Mr. prime minister and chancellor are reportedly holding private meetings with wavering MPs in an attempt to minimise a serious rebellion, which is now backed by the Labour.
The intervention came as rebel Tories prepared along with Labour to demand the Government take a tougher stance over the funding package negotiations for the next seven years.
The Speaker has refused to select an amendment touted as a compromise to split opposition. Instead, the Commons will vote on a text put forward by Tory backbencher Mark Reckless (Rochester and Strood) demanding a real-terms cut. The smaller parties will also be expected to support the ammendment – raising the prospect of a humiliating defeat for Mr. Cameron.
But on Wednesday, Mr. Cameron signaled that he would “at best” like to see a cut in the EU budget, which will be seen as an attempt to pacify backbenchers.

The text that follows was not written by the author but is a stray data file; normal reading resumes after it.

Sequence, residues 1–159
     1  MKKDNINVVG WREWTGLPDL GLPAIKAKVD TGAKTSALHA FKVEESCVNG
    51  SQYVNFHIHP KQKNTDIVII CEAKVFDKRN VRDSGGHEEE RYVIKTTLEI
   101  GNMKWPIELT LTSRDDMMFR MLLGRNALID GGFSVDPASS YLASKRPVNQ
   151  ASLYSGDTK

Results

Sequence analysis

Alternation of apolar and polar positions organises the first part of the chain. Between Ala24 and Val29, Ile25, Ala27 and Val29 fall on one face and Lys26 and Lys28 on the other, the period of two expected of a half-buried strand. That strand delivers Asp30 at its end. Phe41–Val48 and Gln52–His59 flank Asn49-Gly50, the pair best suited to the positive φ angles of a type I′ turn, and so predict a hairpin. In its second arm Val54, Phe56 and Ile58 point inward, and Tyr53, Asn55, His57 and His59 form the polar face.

The European Union’s funding package for the next seven years is due to be decided at a summit next month, with Mr. Cameron threatening to veto any increase above inflation – currently around 2 percent.
The European Commission has proposed an £826bn budget ceiling for the 2014 to 2020 span – a 5 percent climb compared to 2007 to 2013.
But despite other members such as Germany joining calls for control, Downing Street has previously proposed that a rise in line with inflation is best possible outcome that could be achieved.
In case of not reaching a deal at the summit, the budget is automatically “rolled over” to next year with a 2 percent increase.
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